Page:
by Jeanine Vecchiarelli return to JayVee Media Link LLC
A well respected colleague of mine recently posed a question on her company’s Facebook page: What makes you unfollow someone on Twitter? She received a good response, with a diverse list of reasons. Among them:
–those who provide little value to me
–I can’t build a relationship with someone who can’t see my posts
–if they are not what they seemed
–if they are vulgar and offensive
–if they are inactive for more than 15 days
–if they only autopost and never engage
–if they don’t follow me back
My colleague’s question got me thinking, and I realized that I couldn’t reply with just one choice. Most if not all have merit to justify an unfollow. Some, like people who are vulgar and offensive, are no brainers. But other reasons may benefit from a little more latitude, depending on the perspective of the individual Twitter user.
While Twitter is pretty generous in its follower allowance, tying up our numbers with others who never engage or are inactive for long periods of time doesn’t do us a lot of good. There is a school of thought that teaches us to focus on numbers of followers – the more the better. That thinking is still popular, but its prevalence is steadily waning. Social media needs to be social! Most Twitter folks who may be scouting out profiles in our niche don’t care about seeing thousands of followers. Instead, they are much more impressed by the engagement and overall quality of activity they see there. What is the conclusion to be drawn when a profile boasts high numbers of followers, but shows no real engagement?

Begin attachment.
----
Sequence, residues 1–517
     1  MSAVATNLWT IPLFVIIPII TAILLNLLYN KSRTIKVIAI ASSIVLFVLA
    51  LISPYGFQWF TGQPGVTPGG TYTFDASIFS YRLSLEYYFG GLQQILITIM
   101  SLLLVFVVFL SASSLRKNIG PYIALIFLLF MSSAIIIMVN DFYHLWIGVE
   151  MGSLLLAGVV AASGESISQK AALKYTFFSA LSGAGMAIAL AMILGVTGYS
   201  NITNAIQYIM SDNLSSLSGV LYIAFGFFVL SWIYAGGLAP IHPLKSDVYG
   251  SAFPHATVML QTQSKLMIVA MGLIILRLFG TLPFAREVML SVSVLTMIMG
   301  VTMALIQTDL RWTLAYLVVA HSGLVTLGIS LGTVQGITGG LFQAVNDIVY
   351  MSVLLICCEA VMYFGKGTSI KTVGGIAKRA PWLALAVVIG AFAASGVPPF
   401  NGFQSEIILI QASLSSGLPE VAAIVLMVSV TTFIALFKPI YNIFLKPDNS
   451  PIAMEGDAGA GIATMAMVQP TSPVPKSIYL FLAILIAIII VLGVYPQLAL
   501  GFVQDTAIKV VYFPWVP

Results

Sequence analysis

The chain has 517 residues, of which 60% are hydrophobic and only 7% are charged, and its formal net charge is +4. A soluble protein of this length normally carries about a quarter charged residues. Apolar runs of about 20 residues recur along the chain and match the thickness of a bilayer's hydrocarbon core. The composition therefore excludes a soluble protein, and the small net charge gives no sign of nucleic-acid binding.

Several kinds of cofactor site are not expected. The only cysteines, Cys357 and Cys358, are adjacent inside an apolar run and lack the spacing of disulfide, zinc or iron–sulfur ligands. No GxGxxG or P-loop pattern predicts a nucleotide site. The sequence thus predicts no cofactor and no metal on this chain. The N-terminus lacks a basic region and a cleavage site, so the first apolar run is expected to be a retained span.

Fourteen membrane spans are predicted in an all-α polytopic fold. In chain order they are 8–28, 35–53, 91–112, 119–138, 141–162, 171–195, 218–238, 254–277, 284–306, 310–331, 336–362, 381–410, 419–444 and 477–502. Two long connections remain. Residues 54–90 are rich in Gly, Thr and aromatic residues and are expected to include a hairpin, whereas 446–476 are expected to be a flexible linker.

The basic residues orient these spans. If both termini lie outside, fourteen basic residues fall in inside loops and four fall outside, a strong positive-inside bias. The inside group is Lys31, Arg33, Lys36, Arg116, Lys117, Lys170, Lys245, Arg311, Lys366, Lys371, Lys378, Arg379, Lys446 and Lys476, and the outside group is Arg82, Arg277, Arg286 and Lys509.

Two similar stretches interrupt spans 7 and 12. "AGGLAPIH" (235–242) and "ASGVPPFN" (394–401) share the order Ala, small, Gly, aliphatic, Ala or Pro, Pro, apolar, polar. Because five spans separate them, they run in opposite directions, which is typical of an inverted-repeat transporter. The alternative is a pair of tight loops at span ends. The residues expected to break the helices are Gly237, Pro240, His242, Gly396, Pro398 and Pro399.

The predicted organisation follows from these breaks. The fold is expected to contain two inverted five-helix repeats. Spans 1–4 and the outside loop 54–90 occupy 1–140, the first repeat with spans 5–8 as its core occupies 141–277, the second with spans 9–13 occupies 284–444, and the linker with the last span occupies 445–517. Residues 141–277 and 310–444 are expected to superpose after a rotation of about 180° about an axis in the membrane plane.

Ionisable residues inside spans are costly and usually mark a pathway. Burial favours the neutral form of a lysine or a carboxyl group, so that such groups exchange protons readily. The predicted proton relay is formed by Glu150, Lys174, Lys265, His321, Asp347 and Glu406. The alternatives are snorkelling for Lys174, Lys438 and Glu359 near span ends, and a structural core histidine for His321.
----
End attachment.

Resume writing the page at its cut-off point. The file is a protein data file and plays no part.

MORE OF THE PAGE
Quality of interaction is another make or break factor when considering whether to unfollow Twitter accounts. Actually, it’s well worth our time to take a look at a profile’s stream before we even consider following it – regardless of whether or not the account already follows us. What do we see? Nothing but endless automated posts? Is the stream dominated by spam? Does the account tweet in a one-sided fashion, issuing information in an edict-like manner without ever encouraging or becoming involved with engagement? Such factors should weigh heavily in our decisions to follow or unfollow other Twitter accounts.
Some respondents to my colleague’s question said they would unfollow an account that won’t follow them. A very good point was made in that regard: how can we engage with someone who can’t see our Twitter streams? I agree with this important argument. As a general rule of thumb, it is an acceptable reason to unfollow. That said, I give this factor a little more latitude. Some very knowledgeable peers in our field offer so much value in their Twitter profiles that I want to follow them. I do so without the expectation that they will follow me back; sometimes I am pleasantly surprised to see that they do. But from a didactic point of view, if they don’t it is not a deal breaker for me.
What are some reasons YOU unfollow Twitter accounts? Please leave your thoughts in the comments section below!